“It turns out that being read to and exposure to books are socio-economic indicators that are found with higher-IQ children according to Nisbett.[i] Earlier and more consistent access to schools and learning programs are also highly correlated with higher intelligence.[ii] Being exposed to the problem solving, like that required to run a successful business, must qualify as educational, rich, and diverse experiences. Entrepreneurial mothers were not highlighted as a group in Intelligence and How to Get It. Although not scientifically studied, it makes sense that if you are steeped in the entrepreneurial environment and, even better, expose your child to aspects of it, your child is likely to benefit cognitively from that experience.”
Every now and then you might read a story about the effects on children from moms moving from the home to the workforce. Usually the news (or perception) is not positive. However, I think that entrepreneurial moms have a different story to tell.
From an expert perspective, I strongly believe that being expert problem solvers (notice I didn’t say expert multi-taskers!) gets passed on to our kids. This isn’t just hearsay, it appears to be neurological and something we can influence through upbringing. I reference Richard Nisbett in his book, Intelligence and How to Get It, in this excerpt from my book, The Pregnant Entrepreneur:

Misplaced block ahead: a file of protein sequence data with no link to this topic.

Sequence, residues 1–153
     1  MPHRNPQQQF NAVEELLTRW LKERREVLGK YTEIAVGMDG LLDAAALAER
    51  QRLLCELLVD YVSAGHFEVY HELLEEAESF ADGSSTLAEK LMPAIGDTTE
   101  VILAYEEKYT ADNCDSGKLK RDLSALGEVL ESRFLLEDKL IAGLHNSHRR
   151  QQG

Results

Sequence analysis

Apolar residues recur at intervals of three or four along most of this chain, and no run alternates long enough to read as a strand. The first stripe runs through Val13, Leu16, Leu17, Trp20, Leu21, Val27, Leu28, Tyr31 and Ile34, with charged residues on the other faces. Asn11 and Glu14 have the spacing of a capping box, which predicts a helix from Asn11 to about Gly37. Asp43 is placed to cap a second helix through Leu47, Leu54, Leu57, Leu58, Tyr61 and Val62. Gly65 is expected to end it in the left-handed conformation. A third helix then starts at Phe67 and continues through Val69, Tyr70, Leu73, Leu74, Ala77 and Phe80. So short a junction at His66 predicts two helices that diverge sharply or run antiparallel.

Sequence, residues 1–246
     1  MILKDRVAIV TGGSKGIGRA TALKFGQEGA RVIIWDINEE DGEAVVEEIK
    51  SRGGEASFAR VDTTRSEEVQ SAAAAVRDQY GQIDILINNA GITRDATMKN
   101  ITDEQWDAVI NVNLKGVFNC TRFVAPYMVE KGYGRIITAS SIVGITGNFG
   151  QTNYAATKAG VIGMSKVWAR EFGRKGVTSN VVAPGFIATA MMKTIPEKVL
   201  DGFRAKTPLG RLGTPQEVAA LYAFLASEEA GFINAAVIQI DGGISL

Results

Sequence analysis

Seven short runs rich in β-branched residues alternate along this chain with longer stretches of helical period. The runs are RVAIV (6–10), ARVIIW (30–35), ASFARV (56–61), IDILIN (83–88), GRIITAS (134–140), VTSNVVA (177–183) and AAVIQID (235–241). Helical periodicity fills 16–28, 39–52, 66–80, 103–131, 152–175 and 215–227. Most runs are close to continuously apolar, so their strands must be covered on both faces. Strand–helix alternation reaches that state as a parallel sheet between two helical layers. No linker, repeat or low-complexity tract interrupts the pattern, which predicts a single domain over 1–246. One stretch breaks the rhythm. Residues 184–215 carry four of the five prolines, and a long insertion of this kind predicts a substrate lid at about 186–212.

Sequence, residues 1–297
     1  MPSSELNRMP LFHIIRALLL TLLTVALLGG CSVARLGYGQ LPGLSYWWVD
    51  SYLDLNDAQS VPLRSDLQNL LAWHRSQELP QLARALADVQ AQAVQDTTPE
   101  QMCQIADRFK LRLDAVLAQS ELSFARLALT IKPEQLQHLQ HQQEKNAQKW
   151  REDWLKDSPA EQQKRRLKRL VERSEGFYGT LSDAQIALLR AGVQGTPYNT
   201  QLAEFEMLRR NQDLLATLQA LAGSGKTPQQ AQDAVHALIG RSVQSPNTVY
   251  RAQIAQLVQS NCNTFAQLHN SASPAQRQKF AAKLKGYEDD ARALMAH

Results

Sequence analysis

From the perspective of a services professional, I can tell you that one of target client sets is young adults who have not learned the skills or organizing because their parents never taught them. I believe that the entrepreneurial family is more likely to pass on skills that allow a person to be self-sustaining and more able to achieve their own goals.
From the perspective of a mom, I can tell you that my 4-year old helps me take care of the house because I expect that, and she’s learned to be part of the family team from an early age. She’s also learned that there are times when you work, and times when you play. She gets it now, and I expect that she’ll continue to grow into a person who can structure her own time to meet her goals. Prioritizing is a critical life skill, so you can enjoy life more.
I’ve talked to at least three people just this week who said to me that their inability to prioritize is their biggest problem. Successful business owners must prioritize, or they aren’t successful. If we pass this trait or skill alone onto our kids, we’ve done our jobs as entrepreneurs and moms at the same time. Ka-ching!